Fateful elections in Bosnia Saturday balloting: Clinton pushing ahead despite adverse conditions.

September 11, 1996

DISMAL EXPECTATIONS are just about the only thing going for the U.S.-brokered elections in Bosnia on Saturday. Even if NATO forces succeed in avoiding violence as citizens displaced by war attempt to vote in hometown precincts, the result is more likely to deepen the ethnic partition of the battered state than to bring it closer to unity. U.S. officials probably would be content if renewed warfare is avoided and the governmental structure called for in the Dayton Accords does not collapse overnight.

All this constitutes a pretty grim outlook for the most ambitious foreign policy initiative of the Clinton presidency. The White House was quick to claim credit when the introduction of 60,000 NATO troops, 19,000 of them Americans, were able to separate the armies of the Serbs, Croats and Muslims that devastated Bosnia in four years of civil war.

But as ethnic hatreds going back centuries snuffed out hope for power sharing and cooperation, official Washington retreated to a position of insisting that the elections take place on schedule -- come what may. The political stakes increased when Republican presidential candidate Bob Dole demanded a delay in Bosnian elections that "make a mockery of our principles and commitment to democracy."

If Bosnia goes haywire at the same time Saddam Hussein succeeds in reasserting control over northern Iraq, Mr. Dole might have the kind of issue that has eluded him so far.

Most troubling is the resort to nationalist passions by the predominant Serb, Croat and Muslim parties. Voters will choose from each of their own ethnic groups the members of a three-man presidency that can work only in "unanimity" -- an unlikely prospect. Bosnian Serbs will also elect a president of their own autonomous region plus members of national and regional assemblies; Muslims and Croats, joined in a tenuous federation, won't pretend to have a joint president but will elect members of national and federation legislatures.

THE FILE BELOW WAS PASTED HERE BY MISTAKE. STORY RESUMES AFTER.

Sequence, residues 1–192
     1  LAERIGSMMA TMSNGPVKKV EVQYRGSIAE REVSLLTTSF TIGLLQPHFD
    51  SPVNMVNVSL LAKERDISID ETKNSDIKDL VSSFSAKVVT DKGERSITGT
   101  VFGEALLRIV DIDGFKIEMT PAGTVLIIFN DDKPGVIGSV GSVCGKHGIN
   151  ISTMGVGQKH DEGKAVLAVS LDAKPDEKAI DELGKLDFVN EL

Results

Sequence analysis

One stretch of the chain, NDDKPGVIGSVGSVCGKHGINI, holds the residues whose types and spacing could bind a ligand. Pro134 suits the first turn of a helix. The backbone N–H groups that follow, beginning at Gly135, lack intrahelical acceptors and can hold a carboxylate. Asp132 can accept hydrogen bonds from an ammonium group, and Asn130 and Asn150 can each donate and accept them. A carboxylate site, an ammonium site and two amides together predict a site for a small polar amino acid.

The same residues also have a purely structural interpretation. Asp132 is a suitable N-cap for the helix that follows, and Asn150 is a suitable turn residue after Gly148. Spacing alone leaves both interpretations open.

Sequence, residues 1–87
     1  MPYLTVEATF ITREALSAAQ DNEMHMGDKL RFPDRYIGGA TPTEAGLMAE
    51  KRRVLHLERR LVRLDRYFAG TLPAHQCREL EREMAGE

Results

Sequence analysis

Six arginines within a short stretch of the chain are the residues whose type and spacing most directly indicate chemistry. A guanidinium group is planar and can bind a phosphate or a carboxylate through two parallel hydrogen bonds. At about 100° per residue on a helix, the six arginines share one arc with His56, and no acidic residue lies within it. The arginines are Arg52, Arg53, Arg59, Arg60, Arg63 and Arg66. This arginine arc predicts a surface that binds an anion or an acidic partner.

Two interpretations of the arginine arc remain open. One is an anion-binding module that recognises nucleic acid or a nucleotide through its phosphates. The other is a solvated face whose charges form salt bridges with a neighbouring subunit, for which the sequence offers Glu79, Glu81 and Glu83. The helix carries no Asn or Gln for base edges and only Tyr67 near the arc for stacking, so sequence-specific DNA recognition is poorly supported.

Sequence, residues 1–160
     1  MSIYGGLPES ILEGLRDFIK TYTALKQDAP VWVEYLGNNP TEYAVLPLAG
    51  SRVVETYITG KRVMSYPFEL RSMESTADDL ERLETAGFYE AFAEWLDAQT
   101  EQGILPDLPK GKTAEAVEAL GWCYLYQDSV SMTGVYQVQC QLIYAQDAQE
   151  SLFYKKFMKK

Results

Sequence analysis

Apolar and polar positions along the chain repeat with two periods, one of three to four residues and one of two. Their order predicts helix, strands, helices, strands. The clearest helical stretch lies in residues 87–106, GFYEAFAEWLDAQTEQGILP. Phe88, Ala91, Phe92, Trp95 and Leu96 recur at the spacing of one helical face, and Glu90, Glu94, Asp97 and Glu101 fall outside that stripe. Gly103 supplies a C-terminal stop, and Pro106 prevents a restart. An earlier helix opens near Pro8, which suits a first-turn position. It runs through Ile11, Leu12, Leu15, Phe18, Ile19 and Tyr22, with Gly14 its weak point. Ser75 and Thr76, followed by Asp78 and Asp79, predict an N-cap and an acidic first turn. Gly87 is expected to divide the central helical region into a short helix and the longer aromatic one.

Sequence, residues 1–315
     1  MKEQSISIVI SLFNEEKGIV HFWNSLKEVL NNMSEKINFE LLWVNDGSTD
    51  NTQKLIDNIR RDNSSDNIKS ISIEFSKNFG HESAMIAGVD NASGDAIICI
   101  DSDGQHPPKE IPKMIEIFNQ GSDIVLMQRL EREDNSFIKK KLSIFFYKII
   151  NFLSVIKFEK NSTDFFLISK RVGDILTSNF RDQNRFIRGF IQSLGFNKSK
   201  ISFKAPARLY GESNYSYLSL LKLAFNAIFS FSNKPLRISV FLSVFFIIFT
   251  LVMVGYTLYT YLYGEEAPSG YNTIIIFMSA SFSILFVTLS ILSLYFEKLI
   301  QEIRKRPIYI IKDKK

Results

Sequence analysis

The international community will attempt to make this complicated system work through a combination of sticks (sanctions) and carrots (money). Much is at stake: President Clinton's prestige abroad, NATO's ability to carry out peace-enforcement on or beyond the European periphery and the credibility of international tribunals seeking to punish war criminals. At this juncture, the success of none is assured.

It may have been unwise for the U.S. to get entangled in a Balkan civil war in the first place. But having done so, Washington has little choice but to persevere at this juncture.

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